Ladies and gentlemen, I’m thrilled to present to you my most popular art and coloring course COLOR THEORY, and it’s now available on Udemy.
LEARN TO COLOR LIKE THIS!
Understanding color isn’t just an art form, it’s science, and it dates back to antiquity. Upon completing of this course, your coloring will get a facelift. Those who see your new coloring pages will assume you went to an art university and know all the secrets of the masters.
The four long lessons that make up this course are presented in many short segments.
In this course, I will teach you University-level material, and A LOT of it. I went to an art University in New York City to get my degree in fine art. There, my class on color theory lasted four months, and the content was applied to the rest of my art journey until graduation.
I’m offering you the same level of education, all packed into four easy-to follow lessons, with course material that you get to keep.
After completing this course, you will never stress over picking colors again. You will gain confidence in your art that only comes with knowledge and practice. You will learn everything there is to know about the science of color, including various color models, ways to group colors, value, saturation, tints, tones, shades, mood and how to set it.
Together we’ll study the works of masters for reference, and review your own creations. Together, we’ll make YOU a master.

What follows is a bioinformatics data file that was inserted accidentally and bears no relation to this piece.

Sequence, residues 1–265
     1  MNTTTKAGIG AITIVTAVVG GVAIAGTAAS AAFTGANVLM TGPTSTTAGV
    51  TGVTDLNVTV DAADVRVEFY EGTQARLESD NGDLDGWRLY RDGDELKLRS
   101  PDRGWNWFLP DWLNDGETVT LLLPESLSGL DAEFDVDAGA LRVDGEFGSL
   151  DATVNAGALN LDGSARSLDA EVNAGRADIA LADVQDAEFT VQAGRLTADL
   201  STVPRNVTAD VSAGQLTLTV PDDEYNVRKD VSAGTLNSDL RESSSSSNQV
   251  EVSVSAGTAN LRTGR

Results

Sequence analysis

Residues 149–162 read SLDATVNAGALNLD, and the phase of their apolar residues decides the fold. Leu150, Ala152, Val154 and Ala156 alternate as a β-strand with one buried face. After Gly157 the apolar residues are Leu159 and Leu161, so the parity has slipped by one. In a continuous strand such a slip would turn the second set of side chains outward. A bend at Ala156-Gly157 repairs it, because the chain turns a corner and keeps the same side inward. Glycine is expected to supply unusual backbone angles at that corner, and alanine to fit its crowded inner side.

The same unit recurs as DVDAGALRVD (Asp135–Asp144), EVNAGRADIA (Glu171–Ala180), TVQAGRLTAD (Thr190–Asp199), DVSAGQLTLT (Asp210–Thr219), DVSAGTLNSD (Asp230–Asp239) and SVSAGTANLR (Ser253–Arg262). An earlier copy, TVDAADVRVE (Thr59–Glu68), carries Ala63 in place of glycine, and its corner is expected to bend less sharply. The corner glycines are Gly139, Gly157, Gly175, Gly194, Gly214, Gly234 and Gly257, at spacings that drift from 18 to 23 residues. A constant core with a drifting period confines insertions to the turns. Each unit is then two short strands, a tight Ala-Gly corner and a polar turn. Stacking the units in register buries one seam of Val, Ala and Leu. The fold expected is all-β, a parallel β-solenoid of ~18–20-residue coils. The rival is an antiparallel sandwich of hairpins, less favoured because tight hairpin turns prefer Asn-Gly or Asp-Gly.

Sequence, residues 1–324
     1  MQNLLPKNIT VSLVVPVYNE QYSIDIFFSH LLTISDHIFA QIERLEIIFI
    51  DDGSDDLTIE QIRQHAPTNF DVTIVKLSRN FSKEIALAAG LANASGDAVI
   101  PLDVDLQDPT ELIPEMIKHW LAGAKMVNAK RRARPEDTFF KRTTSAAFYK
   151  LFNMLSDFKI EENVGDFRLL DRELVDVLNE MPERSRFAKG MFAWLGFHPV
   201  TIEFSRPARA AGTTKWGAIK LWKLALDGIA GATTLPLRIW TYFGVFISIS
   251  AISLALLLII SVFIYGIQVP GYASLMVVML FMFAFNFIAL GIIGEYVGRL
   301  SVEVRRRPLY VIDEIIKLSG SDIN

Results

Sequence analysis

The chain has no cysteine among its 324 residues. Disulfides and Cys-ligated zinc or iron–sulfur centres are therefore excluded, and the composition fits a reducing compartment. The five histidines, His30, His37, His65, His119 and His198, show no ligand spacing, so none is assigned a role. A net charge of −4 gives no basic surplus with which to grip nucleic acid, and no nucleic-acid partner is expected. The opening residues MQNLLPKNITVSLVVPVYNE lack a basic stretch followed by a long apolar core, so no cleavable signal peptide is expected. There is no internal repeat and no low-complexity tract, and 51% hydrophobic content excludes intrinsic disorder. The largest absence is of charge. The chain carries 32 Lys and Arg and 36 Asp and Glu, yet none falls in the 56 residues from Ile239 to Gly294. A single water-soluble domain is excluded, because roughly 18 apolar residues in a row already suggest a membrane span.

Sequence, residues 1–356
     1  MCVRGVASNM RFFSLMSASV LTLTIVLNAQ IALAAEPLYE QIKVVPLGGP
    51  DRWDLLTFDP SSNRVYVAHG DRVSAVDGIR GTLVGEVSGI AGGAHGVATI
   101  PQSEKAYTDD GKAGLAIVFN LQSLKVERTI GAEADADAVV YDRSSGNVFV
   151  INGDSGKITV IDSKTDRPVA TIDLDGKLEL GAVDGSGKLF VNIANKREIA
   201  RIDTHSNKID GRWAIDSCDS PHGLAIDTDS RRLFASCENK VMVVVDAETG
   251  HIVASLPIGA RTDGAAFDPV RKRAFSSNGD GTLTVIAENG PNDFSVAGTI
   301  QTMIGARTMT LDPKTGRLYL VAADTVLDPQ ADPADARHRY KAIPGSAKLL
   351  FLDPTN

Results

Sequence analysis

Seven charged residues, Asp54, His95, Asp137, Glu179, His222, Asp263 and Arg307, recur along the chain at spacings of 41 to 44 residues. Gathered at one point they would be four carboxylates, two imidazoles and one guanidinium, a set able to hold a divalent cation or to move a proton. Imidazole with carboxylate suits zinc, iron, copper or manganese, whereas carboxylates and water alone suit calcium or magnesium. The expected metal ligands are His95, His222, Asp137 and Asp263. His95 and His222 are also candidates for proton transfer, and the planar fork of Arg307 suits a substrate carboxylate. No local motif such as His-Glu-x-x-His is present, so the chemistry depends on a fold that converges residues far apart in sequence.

SO! If you’re ready to step up your coloring game, I’ll see you in class.
In all my time drawing coloring pages and teaching coloring techniques, I learned quite a bit about the psychology behind skin tone coloring and why so many people struggle with it.
Before we jump into why skin tones give colorists the most grief, let’s examine human faces and how we interact with them.
After all, without faces we wouldn’t have skin tones to worry about at all.
Research shows us that human beings have by far the strongest emotional reaction to human faces over anything else out there. Yes, even over puppies.
Regardless of how you feel about people, regardless of whose face you’re looking at, if it’s human your emotional response will spike dramatically compared to the response your brain exhibits when you look at even the most beautiful of sunsets.
This means two things for artists and colorists.
1. Using portraits in your art will get your work more noticed and interacted with.
2. Improving your portrait drawing and coloring skills is essential.
But why would we struggle with drawing and coloring a subject matter that’s so near and dear to our hearts? Shouldn’t we be experts at human faces if we’re so connected with them?
Quite the opposite, in fact.
Because we’re so familiar with the human face, we no longer see it for all that it is, but rather see it in caricature. There’s a huge element of recognition, rather than observation, at play.
When you look at another person in front of you, you rarely (unless you’re a face-obsessed artist) study their bone structure and the way the shadows happen to be playing on their eyelids as they move and blink. Instead you see – young, old, tired, goofy, attractive, awkward, smiling, frowning, etc…
In our minds we reduce human faces to the very basic classifications that are relevant to the current interaction.
For instance, if you’re pulled over by a traffic cop, you probably see a towering, intimidating, and frowning individual, and you probably won’t recognize him should you run into him days later at a baseball game.
Your mind just turned him into a caricature of a scary authority figure.
However, if you’re out on a date, you’re probably seeing a warm, happy, smiling face, and are trying to imagine all the other positive posibilies of continuing the interaction.
Obviously, some of us have had quite the opposite experiences, but you get the idea.